In this thesis, we report the development of synthetic methods using late-transition metals as catalysts for the direct C−H alkynylation of functionalized molecules. The catalytic system we developed is based on ruthenium or rhodium catalysts, and converts C(sp2)−H bonds into C(sp2)−alkyne bonds using a broad range of widely used functional groups as chelating group. These chelating groups are phenolic -OH, carboxylic acid, ester, ketone, ether, amine, thioether, sulfoxide, sulfone, phenol ester, carbamate, aldehyde and nitro groups. We next applied these reactions in the synthesis of polyaromatic hydrocarbons (PAH) such as extended fluoranthenes and dibenzopentalenes. The mechanisms of these reactions were studied both experimentally and computationally, showing that the efficiency of these catalytic systems arises from two low-barrier steps: bromo-alkyne insertion into a ruthena- or rhoda-cycle, followed by bromide elimination. In the case of nitrobenzenes, we also observed an electrophilic C−H rhodation process.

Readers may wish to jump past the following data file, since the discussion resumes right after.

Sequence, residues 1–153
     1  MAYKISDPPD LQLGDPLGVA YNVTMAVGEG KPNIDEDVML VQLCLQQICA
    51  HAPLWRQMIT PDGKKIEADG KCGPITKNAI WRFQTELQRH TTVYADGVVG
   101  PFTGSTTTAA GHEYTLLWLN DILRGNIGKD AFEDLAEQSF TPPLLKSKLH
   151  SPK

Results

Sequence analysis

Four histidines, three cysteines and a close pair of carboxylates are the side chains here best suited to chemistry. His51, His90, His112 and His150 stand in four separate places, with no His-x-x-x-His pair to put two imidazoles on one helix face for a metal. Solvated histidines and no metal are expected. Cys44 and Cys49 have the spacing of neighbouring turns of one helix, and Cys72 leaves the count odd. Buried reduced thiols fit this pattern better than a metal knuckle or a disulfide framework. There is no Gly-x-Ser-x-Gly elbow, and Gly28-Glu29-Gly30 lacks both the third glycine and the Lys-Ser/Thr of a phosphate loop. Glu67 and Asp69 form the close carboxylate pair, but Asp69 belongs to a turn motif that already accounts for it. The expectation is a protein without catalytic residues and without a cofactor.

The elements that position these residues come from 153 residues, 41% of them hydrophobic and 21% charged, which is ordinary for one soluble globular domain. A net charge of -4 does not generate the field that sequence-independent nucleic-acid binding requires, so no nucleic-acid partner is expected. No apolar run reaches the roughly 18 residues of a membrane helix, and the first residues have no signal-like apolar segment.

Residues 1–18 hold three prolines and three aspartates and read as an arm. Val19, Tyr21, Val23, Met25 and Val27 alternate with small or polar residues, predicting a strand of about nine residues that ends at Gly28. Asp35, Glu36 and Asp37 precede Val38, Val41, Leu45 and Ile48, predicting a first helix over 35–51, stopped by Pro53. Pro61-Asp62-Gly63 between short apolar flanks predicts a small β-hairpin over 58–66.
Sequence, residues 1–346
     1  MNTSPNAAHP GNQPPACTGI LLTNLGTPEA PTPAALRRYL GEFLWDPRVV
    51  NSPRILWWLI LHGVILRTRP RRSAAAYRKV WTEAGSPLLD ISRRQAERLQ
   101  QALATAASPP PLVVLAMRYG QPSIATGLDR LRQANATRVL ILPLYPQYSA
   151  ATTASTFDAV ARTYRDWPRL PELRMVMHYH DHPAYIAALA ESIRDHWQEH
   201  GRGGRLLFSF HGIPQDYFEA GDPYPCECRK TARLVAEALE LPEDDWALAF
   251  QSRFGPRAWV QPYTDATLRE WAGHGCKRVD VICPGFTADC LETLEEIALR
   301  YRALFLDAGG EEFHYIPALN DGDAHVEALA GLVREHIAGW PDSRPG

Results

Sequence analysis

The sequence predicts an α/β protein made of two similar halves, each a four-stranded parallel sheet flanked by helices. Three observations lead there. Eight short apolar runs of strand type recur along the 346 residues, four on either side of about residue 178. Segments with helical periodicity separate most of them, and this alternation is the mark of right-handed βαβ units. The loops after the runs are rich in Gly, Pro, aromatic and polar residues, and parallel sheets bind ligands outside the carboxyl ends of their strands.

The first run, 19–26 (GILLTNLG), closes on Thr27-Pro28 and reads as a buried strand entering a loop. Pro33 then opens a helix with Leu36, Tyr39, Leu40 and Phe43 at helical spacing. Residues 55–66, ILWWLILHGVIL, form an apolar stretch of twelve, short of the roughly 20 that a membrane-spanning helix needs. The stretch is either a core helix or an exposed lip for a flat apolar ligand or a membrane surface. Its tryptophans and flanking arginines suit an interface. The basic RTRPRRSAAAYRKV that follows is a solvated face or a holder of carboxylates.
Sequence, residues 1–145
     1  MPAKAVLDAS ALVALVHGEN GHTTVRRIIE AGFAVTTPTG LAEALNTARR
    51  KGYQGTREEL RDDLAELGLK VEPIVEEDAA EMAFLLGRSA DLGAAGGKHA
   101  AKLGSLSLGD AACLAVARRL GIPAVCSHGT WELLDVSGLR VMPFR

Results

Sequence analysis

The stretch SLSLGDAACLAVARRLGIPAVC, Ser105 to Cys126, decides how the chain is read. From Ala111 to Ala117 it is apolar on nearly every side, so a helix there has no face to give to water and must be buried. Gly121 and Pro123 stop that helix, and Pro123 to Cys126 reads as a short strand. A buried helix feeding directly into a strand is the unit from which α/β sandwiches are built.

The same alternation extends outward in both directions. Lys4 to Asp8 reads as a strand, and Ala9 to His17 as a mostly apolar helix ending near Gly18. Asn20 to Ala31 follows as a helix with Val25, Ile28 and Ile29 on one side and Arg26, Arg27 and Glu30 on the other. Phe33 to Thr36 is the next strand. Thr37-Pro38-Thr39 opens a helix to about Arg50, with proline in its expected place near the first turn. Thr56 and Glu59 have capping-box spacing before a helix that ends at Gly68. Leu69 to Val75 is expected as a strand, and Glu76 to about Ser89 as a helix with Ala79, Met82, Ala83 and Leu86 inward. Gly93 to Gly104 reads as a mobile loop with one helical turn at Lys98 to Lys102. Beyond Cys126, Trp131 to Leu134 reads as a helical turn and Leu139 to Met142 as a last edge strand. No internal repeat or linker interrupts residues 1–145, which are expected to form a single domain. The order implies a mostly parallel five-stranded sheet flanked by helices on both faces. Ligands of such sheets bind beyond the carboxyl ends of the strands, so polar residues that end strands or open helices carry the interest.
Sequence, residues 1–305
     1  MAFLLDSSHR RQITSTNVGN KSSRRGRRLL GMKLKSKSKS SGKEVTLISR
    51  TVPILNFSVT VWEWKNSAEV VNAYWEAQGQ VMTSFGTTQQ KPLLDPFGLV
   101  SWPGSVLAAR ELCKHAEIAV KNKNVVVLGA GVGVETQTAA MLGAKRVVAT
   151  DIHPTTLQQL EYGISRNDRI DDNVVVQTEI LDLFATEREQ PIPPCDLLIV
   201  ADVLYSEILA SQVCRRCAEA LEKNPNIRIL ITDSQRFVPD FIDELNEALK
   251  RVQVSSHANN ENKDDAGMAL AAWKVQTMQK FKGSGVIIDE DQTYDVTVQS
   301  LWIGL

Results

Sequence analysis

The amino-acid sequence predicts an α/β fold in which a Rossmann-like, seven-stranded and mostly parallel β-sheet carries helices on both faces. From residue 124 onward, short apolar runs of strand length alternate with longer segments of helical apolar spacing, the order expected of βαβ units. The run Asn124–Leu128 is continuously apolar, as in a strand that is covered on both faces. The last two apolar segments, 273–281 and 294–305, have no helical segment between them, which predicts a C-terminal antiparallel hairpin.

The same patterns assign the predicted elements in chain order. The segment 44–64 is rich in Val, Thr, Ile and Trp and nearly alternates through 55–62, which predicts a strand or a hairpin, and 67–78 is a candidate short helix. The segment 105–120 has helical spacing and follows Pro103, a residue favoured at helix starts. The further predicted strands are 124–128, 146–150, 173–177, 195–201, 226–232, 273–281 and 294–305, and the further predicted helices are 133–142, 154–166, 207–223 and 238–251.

Finally, we extended this catalytic system to the alkynylation of C(sp3)−H bonds using an iridium catalyst and oxime ethers or nitrogen heterocycles as directing groups.